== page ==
How to Pick the Right Growth Stock Funds Now

For more than a year, growth funds suffered from rising inflation and interest rates as investors fled to safer and cheaper value stocks. Now, with the economy showing signs of slowing and the Federal Reserve nearing the end of its rate hikes, the group is starting to bounce back.

But some funds are better bets than others.

January’s strong jobs report gave many investors the impression that the Fed may still have a long way to go in raising interest rates before it can quell rising inflation. But the collapse of the Silicon Valley bank in March — and its aftermath — has caused many to reassess the resilience of the country’s financial system and wonder if the central bank has already gone too far. Traders are now forecasting a 98% chance that the Fed will cut its target interest rates by the end of the year.

A stable – or even easy – interest rate environment is good for growth companies, as it would encourage investors to shift money from the bond market to higher-risk, higher-yielding assets. Lower borrowing costs also make it easier for companies to raise money and grow their businesses.

Some investors have already started the move. In March, US exchange-traded funds focused on large-cap growth stocks attracted $3.8 billion in new assets, while large-cap value funds lost about the same amount.

Advertisement – Scroll to Continue.

After its peak in November 2021, the

Russell 1000 growth

The ETF (ticker: IMF) had lost almost a third of its value by the end of last year. However, in the first quarter of 2023, the fund skyrocketed 14%, which is double the return

Read  Here's what the latest HELOC rates look like now. Should you take one out?



Stocks of larger growth companies are even more popular. The

Schwab large-cap growth in the US

The ETF (SCHG) gained 17% in the first quarter and the

Vanguard Mega Cap Growth

ETF (MGK) up 19%. Both funds have a weighted average market cap of more than $850 billion, according to FactSet.

In contrast, small-cap growth funds are lagging, despite their valuations being much lower. In the first quarter the

iShares S&P Small-Cap 600 Growth

ETF (IJT) and

Invesco S&P SmallCap 600 Pure Growth

ETF (RZG) both gained less than 2%.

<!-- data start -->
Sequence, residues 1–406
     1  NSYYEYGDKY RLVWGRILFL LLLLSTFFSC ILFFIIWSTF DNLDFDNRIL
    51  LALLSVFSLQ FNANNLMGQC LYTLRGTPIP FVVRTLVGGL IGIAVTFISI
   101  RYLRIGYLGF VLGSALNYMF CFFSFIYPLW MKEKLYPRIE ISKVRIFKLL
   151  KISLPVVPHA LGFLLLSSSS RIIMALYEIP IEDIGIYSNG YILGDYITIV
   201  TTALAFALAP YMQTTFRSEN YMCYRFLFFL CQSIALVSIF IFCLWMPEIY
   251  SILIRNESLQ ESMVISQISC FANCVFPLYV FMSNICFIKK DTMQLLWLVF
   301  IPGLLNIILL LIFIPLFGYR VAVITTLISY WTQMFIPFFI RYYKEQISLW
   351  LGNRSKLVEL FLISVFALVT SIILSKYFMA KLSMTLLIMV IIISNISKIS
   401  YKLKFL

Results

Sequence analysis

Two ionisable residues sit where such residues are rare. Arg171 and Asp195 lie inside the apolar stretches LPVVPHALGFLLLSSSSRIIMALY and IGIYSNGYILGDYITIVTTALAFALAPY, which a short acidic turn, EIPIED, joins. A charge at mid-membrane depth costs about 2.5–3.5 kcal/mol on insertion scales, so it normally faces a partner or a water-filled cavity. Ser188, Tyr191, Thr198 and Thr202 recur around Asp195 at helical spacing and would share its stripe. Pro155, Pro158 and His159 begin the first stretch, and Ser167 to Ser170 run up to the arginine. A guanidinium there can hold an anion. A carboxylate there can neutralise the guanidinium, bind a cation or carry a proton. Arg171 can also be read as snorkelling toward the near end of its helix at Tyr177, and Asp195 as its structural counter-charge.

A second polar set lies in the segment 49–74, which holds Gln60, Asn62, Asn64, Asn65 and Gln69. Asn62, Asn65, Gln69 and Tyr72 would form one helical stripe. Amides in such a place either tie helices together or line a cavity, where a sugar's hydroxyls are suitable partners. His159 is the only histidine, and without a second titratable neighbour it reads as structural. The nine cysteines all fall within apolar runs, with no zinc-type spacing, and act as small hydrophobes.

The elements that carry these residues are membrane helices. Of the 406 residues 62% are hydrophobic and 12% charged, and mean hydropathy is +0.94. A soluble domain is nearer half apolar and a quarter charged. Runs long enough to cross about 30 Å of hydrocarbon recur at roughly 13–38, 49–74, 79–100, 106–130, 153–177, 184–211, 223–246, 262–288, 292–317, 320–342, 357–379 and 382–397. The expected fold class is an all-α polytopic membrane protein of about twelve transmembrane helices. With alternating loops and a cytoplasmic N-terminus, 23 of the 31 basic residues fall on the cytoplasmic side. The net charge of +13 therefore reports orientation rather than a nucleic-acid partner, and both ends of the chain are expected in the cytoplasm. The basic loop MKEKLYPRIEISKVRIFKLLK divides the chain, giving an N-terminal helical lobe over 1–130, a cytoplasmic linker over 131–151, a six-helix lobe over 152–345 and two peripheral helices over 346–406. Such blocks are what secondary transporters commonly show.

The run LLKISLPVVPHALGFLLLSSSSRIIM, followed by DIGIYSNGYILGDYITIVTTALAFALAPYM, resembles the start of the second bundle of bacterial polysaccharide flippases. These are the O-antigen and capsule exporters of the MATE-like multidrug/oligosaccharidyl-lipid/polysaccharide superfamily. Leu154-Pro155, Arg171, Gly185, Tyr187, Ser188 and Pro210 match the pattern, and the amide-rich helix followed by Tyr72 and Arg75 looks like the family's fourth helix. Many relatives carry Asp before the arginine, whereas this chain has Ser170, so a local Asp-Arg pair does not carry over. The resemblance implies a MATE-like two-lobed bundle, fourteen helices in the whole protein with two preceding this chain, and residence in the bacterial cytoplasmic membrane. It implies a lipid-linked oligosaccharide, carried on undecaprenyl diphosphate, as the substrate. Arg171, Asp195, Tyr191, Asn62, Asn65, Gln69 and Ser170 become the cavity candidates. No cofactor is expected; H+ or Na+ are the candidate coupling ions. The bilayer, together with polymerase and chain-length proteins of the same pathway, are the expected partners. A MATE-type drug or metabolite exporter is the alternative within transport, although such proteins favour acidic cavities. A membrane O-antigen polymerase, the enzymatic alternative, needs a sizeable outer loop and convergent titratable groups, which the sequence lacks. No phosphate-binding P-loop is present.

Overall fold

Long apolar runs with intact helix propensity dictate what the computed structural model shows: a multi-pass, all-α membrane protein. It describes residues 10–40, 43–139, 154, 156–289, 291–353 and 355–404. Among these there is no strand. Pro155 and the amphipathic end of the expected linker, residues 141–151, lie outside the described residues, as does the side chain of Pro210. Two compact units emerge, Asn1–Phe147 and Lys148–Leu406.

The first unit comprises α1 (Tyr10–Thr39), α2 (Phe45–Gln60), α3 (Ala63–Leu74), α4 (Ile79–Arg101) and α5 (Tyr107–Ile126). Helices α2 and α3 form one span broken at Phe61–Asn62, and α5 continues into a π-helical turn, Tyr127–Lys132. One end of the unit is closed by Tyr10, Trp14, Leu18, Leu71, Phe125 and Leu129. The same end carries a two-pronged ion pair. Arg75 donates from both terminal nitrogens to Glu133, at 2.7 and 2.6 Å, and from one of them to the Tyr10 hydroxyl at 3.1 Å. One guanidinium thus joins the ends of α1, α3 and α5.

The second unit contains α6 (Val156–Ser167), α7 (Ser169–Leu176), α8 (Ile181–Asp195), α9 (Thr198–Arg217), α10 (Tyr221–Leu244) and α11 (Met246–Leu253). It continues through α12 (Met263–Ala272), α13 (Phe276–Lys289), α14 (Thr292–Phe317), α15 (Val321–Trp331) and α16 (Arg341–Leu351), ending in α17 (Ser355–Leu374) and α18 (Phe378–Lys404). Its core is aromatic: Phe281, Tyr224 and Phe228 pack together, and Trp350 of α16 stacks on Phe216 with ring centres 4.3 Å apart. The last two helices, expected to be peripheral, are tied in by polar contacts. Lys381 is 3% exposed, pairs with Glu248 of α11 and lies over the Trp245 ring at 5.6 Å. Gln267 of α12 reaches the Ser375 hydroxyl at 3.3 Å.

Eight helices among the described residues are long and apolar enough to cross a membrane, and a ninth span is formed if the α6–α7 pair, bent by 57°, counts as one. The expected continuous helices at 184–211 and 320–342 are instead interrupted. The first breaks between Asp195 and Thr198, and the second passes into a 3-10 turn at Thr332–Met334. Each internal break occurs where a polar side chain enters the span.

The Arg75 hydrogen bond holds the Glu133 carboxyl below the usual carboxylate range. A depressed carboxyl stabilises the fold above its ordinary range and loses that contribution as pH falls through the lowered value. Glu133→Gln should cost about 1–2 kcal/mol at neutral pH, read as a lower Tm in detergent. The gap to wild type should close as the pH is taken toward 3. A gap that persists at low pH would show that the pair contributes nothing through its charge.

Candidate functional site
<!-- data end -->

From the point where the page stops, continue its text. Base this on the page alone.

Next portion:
Advertisement – Scroll to Continue.

This reflects market concern that the Fed’s tightening could still lead the economy to a hard landing. Small companies tend to underperform during recessions because they don’t have the same resources as large companies to weather the tough times.

However, investors seeking growth exposure through index-based ETFs should exercise caution. Due to the dramatic shift in market dynamics over the past year, some growth funds may no longer hold what were considered growth stocks over the past decade.

Tech giants like Alphabet (GOOGL) and (AMZN) have been the flagship growth companies for years. However, following the recent reshuffle of the S&P Dow Jones indices, they are no longer classified as “pure growth” stocks. The group’s strong sales and earnings during the pandemic have made it difficult to sustain high growth rates, especially in the face of the Fed’s aggressive rate hikes.

Meanwhile, fossil giants like Exxon Mobil (XOM) and Chevron

(CVX) have seen their fortunes turn. As Russia’s years-long war in Ukraine sparked an acute energy crisis around the world, oil and gas prices soared and energy companies made record profits. After their stocks have rallied over the past year, some have exited the value space — which they’ve been in for more than a decade — and become the new champions of growth.

All of this means that investors should look closely under the hood of growth ETFs. Your holdings may have been more consistent in the past, but could differ wildly given different rebalancing schedules and stock picking standards in today’s market.

Invesco S&P 500 Pure growth

(RPG), for example, currently holds 28% in energy stocks and just 14% in technology, while

iShares S&P 500 growth

(IVW) has 34% in technology and only 8% in energy. Vanguard Mega Cap Growth has more than 50% technology and less than 1% energy

First Trust Large Cap Growth AlphaDEX

(FTC) has 16% and 19% respectively in the two sectors.

Advertisement – Scroll to Continue.

Instead of index funds driven by mathematical rules, some investors may prefer actively managed funds with stocks handpicked by portfolio managers who can see things in companies in ways algorithms can’t.

The trick to choosing an active growth fund is to separate the managers who dig deep into their research to achieve long-term outperformance from those who just dribble buzzwords about technology and trends, says Russel Kinnel, director of manager research at Morningstar.

“The first thing you need to do is turn off the short-term power,” says Kinnel. He looks for funds with strong long-term records that have outperformed their peers in 2022. “When you can buy a really good investor whose portfolio has fallen out of favor, that’s often a good time,” he says.

Read  How To Buy EV Charging Stocks

Investors should never pay outrageous fees, no matter how smart the fund manager sounds, says Kinnel. He recommends three budget mutual funds that have ranked in the top third among their peers over the past 15 years but have fallen to the bottom 20% in 2022 –

International growth of avant-garde


appreciation of port capital

(HCAIX) and

T. Rowe Price Blue Chip Growth


With all the market uncertainties, the growth recovery may not be immediate and investors need to be prepared for more ups and downs. “If stocks are down, that should be enough to give you a nice return over the next 10 years,” says Kinnel. “The real risk is buying at the peak. I’m not overly concerned after a blowout year like last year.”

write to Evie Liu at [email protected]

Related Articles

Leave a Reply

Your email address will not be published. Required fields are marked *

Back to top button